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(LEAD) Mobile stations to expand earthquake-monitoring network in S. Korea

All News 15:51 July 09, 2020

(ATTN: CHANGES dateline; ADDS details in paras 5-8; UPDATES caption)

SEOUL, July 9 (Yonhap) -- Leading mobile carrier SK Telecom Co. said Thursday it will install earthquake sensors at its mobile network base stations across the country, a move that can help expand readiness against natural disasters.

Earthquakes have become a matter of public concern in South Korea in recent years with 88 earthquakes detected in the country last year, compared with an average of 70 over the decade since 1999.

SK Telecom said it will install plug-in type earthquake sensors in 8,000 locations across the country, including its base stations and public buildings, in partnership with the Korea Meteorological Administration (KMA) and Kyungpook National University, by the end of this year.

Currently, the country has a network of 338 seismic monitors.

An SK Telecom Co. engineer inspects the carrier's earthquake sensor in a controlled environment at a laboratory in Hwaseong, south of Seoul, in this photo provided by SK Telecom on July 9, 2020. (PHOTO NOT FOR SALE) (Yonhap)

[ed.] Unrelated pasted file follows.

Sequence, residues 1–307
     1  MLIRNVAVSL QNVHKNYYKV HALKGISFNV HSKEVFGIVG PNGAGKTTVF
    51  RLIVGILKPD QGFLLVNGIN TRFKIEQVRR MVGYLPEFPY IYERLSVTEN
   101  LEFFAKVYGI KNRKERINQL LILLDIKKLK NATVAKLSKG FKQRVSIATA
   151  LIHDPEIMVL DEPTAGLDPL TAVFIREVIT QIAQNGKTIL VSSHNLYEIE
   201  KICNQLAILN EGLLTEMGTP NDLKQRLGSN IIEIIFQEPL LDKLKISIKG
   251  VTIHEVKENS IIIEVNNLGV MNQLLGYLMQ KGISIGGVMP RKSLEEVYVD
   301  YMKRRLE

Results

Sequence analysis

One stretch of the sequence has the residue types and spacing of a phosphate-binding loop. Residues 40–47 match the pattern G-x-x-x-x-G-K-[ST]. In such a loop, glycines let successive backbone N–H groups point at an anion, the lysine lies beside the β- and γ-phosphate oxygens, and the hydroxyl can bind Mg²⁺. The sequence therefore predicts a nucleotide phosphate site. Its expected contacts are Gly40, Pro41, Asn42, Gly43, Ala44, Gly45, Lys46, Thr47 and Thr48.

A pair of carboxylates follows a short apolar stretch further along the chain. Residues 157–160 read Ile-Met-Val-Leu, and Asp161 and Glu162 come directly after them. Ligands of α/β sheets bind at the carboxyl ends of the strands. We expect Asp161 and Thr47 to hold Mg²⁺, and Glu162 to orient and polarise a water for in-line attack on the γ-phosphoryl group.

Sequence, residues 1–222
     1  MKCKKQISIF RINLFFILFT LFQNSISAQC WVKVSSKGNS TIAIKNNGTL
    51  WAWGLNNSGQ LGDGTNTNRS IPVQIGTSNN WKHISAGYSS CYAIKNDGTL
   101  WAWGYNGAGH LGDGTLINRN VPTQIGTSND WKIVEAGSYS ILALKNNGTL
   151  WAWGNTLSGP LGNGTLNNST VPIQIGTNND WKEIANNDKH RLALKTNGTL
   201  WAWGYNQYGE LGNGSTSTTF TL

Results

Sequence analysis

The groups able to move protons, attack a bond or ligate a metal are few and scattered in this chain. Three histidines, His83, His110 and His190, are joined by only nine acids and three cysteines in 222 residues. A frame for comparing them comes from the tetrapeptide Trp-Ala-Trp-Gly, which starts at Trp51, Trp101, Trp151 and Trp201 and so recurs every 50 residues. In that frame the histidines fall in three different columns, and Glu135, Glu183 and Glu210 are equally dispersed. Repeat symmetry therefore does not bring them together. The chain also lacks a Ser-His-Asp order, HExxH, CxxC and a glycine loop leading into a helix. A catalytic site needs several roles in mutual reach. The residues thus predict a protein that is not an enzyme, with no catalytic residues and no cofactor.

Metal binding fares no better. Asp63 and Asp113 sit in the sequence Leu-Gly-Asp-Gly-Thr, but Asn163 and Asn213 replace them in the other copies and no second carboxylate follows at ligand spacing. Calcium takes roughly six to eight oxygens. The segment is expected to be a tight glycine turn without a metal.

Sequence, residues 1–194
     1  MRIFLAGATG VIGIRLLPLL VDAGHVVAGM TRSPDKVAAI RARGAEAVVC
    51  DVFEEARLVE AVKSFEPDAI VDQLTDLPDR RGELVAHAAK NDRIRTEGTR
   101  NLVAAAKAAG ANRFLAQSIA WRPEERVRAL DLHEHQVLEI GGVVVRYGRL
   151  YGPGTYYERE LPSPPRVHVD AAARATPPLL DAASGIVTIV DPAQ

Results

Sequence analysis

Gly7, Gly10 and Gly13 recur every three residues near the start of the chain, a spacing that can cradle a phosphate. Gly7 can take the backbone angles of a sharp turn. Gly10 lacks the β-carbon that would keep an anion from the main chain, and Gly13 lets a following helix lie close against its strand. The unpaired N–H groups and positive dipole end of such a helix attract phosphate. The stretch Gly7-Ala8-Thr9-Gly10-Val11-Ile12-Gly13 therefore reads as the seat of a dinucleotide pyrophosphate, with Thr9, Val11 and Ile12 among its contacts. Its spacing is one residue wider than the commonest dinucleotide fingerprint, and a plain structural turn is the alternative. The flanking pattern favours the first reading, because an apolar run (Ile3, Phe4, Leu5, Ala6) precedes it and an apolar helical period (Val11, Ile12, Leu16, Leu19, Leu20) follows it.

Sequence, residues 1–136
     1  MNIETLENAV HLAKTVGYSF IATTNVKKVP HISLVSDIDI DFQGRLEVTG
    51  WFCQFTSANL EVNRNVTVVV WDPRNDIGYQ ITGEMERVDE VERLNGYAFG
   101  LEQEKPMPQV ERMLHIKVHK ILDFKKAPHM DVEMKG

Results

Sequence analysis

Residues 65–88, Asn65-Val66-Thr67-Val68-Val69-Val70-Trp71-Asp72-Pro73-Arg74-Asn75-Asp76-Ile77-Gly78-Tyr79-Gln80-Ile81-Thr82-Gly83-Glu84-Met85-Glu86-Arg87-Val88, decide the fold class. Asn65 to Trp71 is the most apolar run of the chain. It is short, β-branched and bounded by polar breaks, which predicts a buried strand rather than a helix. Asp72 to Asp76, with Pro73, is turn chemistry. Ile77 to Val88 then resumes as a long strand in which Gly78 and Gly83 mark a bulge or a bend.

The carrier demonstrated how its sensor system works on a mock 6.0-magnitude earthquake in Hwaseong, just south of Seoul. The sensor is able to record 100 vibrations per second that is sent to the KMA for faster and more accurate alerts to the public, according to SK Telecom.

The three parties will test the network until next year and could expand its use to more public facilities, the carrier said.

"The sensor remains in the research phase as the system needs precise data of trusted quality to prevent false alerts," said Lee Ji-min, a senior researcher at the KMA's Earthquake and Volcano Research Division

The sensors will help reduce the time it takes to send alerts once they improve in accuracy, Lee added.

South Korea has ramped up on earthquake safety measures since 2016 when a 5.8-magnitude earthquake hit the southeastern city of Gyeongju, 276 kilometers south Seoul, and left 23 injured.

The KMA is currently able to send earthquake alerts to the public in 7 to 25 seconds.

yunhwanchae@yna.co.kr
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